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This Is What Will Happen When You Become Emotionally Intelligent

This Is What Will Happen When You Become Emotionally Intelligent

The head and the heart combine to create emotional intelligence. You want to have emotionally intelligent people on your team. They have the ability to navigate through sticky emotional waters. If you were drowning in emotion, you would want an emotionally intelligent person as your proverbial lifeguard.

Emotion Intelligence (EQ) is not a new concept. Two psychologists – Jack Mayer, Ph.D. of the University of New Hampshire and Peter Salovey, Ph.D. of Yale University were the first to coin the term in 1989.

The Department of Psychology at the University of Toronto explains:

Emotional intelligence is the ability to perceive emotions, to access and generate emotions so as to assist thought, to understand emotions and emotional knowledge, and to reflectively regulate emotions so as to promote emotional and intellectual growth (Mayer & Salovey, 1997).

Daniel Goleman is the new father of EQ. His book Emotional Intelligence explains how emotionally intelligent people are really good at handling themselves and relationships.

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Here’s what happens when you become Emotionally Intelligent:

Emotionally Intelligent

    1. You will use your head and heart to solve problems.

    Emotional Intelligence isn’t the triumph of heart over head, it’s the combination of the two. Emotional intelligent people are able to use and regulate emotions in order to solve problems. Some would even argue that EQ is now more important that IQ. Being smart does not necessarily translate into success.

    2. You will have self-awareness when you’re emotionally Intelligent.

    Self-awareness is knowing what you’re feeling, and why you’re feeling that way. It’s about being switched on to what’s going on during an emotional situation. Knowing where feelings are coming from, and helping to figure out how to work through them is an important part of behaving in an emotionally intelligent manner. When we’re upset or overwhelmed for unforeseen reasons, it makes it more challenging to overcome the problem — it’s like going somewhere new without a map.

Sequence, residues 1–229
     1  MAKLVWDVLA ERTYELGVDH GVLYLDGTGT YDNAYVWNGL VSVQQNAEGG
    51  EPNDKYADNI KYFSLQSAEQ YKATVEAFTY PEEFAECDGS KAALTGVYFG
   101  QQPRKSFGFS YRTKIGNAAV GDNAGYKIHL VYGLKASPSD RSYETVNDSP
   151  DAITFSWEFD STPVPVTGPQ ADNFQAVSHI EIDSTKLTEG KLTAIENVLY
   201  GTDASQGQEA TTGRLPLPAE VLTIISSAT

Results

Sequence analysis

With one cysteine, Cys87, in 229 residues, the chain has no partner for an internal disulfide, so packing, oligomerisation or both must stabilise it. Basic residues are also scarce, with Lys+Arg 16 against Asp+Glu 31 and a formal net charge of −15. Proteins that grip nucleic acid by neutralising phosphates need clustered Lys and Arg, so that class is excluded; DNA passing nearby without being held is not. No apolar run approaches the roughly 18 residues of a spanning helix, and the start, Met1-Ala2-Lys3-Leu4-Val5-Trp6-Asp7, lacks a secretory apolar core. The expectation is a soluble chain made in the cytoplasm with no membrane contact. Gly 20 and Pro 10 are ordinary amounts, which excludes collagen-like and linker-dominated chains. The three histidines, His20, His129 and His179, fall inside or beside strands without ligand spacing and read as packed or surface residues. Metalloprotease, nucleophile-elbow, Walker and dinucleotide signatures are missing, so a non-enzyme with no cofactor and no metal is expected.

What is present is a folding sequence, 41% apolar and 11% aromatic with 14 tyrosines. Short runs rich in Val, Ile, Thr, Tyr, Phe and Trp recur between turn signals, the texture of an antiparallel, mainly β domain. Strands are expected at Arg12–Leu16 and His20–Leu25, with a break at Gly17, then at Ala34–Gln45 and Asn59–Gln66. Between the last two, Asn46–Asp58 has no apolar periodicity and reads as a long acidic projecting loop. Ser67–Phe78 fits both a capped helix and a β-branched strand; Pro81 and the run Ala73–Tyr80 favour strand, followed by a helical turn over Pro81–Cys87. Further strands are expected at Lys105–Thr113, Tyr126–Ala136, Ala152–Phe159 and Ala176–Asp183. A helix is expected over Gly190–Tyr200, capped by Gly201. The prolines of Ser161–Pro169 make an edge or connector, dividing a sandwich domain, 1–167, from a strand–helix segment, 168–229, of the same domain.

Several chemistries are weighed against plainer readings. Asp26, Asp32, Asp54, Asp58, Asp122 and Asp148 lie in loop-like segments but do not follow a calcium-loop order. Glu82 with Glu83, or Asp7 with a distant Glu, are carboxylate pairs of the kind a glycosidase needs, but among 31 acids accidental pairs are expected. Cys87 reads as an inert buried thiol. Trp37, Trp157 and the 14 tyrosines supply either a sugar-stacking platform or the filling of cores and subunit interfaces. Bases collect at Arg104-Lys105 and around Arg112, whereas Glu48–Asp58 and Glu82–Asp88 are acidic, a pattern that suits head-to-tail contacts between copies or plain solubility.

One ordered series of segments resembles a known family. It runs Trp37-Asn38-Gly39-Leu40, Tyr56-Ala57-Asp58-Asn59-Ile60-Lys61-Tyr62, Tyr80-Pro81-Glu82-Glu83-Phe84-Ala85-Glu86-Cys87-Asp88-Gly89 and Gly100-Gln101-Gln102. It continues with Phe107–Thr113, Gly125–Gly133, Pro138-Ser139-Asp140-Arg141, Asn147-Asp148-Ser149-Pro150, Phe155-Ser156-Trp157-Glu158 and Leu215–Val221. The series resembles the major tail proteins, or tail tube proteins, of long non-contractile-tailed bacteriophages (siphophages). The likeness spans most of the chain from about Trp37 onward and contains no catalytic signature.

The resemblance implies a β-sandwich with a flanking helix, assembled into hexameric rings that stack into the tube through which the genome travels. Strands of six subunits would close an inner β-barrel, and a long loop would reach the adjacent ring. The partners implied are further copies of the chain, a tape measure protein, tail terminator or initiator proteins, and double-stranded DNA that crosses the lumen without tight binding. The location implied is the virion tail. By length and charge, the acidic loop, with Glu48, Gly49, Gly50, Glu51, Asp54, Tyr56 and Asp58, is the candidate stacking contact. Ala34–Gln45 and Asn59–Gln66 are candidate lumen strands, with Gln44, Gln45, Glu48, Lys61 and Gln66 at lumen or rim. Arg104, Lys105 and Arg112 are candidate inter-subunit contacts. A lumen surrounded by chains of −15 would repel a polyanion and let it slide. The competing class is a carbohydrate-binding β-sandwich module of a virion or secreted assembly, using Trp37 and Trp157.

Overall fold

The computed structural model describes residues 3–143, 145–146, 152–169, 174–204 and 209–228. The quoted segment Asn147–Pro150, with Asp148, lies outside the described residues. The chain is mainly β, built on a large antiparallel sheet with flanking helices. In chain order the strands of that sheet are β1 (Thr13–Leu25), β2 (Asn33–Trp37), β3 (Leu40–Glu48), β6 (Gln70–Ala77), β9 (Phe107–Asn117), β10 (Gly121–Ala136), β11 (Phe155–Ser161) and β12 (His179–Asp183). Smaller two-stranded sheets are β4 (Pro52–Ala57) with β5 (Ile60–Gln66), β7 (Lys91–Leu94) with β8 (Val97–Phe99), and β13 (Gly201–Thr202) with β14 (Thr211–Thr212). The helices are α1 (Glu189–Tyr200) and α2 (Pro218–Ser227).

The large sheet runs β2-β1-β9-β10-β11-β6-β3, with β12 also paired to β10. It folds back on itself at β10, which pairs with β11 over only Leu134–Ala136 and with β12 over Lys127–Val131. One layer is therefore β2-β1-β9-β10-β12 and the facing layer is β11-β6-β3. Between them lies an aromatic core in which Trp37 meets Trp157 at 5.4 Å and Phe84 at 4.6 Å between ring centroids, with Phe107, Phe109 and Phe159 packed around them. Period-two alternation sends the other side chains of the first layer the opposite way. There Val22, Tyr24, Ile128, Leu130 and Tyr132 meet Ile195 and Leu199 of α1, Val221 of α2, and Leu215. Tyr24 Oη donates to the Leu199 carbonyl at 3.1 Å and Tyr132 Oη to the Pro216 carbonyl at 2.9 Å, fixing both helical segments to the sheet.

3. You will have strong self-management skills.

    Self-management in emotionally intelligent people refers to the ability to regulate emotions. It’s knowing when being emotional is resourceful and when it can be harmful. Some of us wear our heart on our sleeves, which is not necessarily a bad thing, but you’re far more likely to get burned out if you always operate in this way. Some situations call for a big, sobbing cry and other times it’s best to keep it to yourself. Having strong self-management skills is knowing the time and place for emotions.

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    4. You will be a good leader.

    Leaders who don’t lead with their heart are rigid. Daniel Goleman explains:

    The CEO of one of the world’s largest money management firms was puzzled. He wanted to know why there was a Bell curve for performance among his employees, with a few outstanding, most in the middle, and a few poor. After all, he hired only the best and brightest graduates from the top schools – shouldn’t they all be outstanding?

    That same puzzle was explored in Malcolm Gladwell’s bestseller David and Goliath, which I recently read. Malcolm was befuddled by the finding that many of those in the mid to low achievement spectrum of Ivy League schools did not turn out to be world leaders – despite their SAT scores being higher than even the best students at the so-so colleges, who fared better.

    Gladwell and that CEO share a certain muddle in their reasoning: they assumed that academic abilities should predict how well we do in life. They don’t.

    5. You will be empathetic.

    Empathy is your ability to put yourself in someone else’s shoes. Having empathy as an emotionally intelligent person allows you to step outside of yourself and see another person’s perspective. Psychcentral.com says that empathy is a skill that is learned.

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    By the time a child is about 4 years old, he begins to associate his emotions with the feelings of others.

    Empathy is learned through interactions and play when we are young. Dr Stuart Brown, the founder of the National Institute of Play, was a young professor of psychiatry at Baylor University in Texas when he overheard a live radio broadcast of gunshots occurring during the Charles Whitman massacre in 1966. He was studying aggression and was told by his boss to begin researching why Whitman committed this heinous crime.

    Brown and his team reconstructed Whitman’s life in great detail and over the course of his research Brown became fascinated with the importance of play and the overwhelming connection of lack of play across several other young homicidal men. They all had dysfunctional childhoods, histories of abuse, and/or exposure to abuse, and/or overbearing fathers/ carers.

    6. You will have impressive social skills.

    Having impressive social skills as an emotionally intelligent person isn’t all about being extroverted. Understanding your audience and your environment takes great skill when navigating a social setting. Possessing qualities of an ambivert will allow you to assess the situation and call on the necessary approach to achieve social success. Through acting like an ambivert, you’ll be a great communicator, be good at conflict resolution and work well in a team. Knowing who you’re interacting with and what their needs are shows acceptance and respect, allowing you to make lots of friends and influence people.